Idiopathic guttate hypomelanosis

Idiopathic guttate hypomelanosis

Chris Schach

Author Bio -

 

Key Points
*Skin condition which occurs as part of the aging process
*Exact cause is speculative, but thought to be similar to the loss of pigment in aging, as seen with graying hair
*Consists of small, white spots on the affected area, generally the forearm and shin, though any area exposed to sun may be affected

Guttate hypomelanosis is a skin condition which presents itself during the aging process. Consisting of small, white spots which are flat, the condition usually appears on the forearm and shin, but may develop on any skin which is often exposed to sunlight, including the neck, face and shoulders.

While the exact cause of guttate hypomelanosis is speculative, it is though that the process may be similar to the loss of pigment cells in hair, which occurs as part of the aging process. Other theories include its relation to sun damage, or seborrhoeic keratosis. The condition does not appear due to any infection or trauma, and are not indicative of an increased risk of cancer.

Differential Diagnosis (Other conditions with similar appearance)
Pityriasis alba
Vitiligo
Warts, Nongenital

Diagnosis
Key Points
*Diagnosis based on skin appearance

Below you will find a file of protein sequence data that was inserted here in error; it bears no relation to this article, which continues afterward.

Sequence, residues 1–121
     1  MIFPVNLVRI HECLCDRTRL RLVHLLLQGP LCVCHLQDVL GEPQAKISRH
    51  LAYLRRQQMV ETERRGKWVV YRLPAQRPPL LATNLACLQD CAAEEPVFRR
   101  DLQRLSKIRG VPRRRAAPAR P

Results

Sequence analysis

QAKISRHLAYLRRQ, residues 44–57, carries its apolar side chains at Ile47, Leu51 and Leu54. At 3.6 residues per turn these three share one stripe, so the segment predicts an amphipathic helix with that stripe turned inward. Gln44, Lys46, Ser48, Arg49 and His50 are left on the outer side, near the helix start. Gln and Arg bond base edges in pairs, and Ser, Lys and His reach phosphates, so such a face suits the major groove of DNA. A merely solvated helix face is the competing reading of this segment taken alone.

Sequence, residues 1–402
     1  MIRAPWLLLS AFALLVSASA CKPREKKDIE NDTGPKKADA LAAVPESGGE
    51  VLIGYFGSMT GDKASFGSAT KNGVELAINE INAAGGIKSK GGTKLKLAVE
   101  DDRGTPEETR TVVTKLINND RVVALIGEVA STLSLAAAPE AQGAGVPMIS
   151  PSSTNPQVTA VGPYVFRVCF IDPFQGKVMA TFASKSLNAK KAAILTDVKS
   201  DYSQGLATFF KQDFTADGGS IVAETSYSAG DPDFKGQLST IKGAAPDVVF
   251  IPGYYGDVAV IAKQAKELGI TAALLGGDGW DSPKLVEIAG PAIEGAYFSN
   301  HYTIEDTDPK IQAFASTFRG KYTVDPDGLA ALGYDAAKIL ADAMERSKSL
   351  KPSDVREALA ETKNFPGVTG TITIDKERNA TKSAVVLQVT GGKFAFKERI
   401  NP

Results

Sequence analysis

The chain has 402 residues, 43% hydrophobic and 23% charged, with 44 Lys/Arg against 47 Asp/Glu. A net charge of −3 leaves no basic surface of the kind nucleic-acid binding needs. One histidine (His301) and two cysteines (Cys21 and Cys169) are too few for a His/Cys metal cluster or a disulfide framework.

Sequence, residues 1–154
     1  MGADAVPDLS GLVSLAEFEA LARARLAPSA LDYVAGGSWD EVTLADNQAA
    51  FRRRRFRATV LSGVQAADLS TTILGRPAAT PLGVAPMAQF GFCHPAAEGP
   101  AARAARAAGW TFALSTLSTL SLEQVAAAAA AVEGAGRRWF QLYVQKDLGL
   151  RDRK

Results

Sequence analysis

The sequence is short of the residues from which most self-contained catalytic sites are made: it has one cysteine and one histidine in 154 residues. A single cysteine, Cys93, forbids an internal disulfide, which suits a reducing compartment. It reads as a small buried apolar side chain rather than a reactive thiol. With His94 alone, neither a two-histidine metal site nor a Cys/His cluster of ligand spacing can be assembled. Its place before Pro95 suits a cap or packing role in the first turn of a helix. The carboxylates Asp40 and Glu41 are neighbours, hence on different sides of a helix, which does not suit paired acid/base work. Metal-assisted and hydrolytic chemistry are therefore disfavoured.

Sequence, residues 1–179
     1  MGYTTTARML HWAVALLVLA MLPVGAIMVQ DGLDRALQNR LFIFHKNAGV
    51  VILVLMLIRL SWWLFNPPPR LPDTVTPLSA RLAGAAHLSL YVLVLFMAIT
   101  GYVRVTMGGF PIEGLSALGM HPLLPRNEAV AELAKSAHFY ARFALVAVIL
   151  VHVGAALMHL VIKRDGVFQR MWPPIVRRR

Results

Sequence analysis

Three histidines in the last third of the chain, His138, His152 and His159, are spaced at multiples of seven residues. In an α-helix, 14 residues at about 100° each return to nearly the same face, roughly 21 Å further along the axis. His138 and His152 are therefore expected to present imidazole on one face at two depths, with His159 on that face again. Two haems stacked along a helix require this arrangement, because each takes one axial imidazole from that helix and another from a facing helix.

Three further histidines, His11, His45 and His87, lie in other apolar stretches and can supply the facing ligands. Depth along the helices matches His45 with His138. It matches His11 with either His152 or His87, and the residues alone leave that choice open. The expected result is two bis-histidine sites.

*Skin biopsy may be performed to confirm diagnosis and rule out other conditions

Guttate hypomelanosis is usually diagnosed by the appearance of the affected skin. A biopsy may be performed to confirm the diagnosis, as well as rule out other conditions.

Treatment
*Does not require treatment
*Destruction of the lesions may worsen the appearance of the affected area
*If treatment is desired for cosmetic reasons, several therapies are available which may help
OTC Options: Cosmetics

Guttate hypomelanosis is not harmful, and therefore does not require treatment. While treatments do exist to reduce the symptoms, outright destruction of lesions may worsen the appearance of the affected area. If treatment is desired for cosmetic reasons, treatments such as cryotherapy, localized dermabrasion or microabrasion, small skin grafts, tretinoin cream, and topical steroids. Another option for affected person is the use of cosmetics to cover up the affected area.

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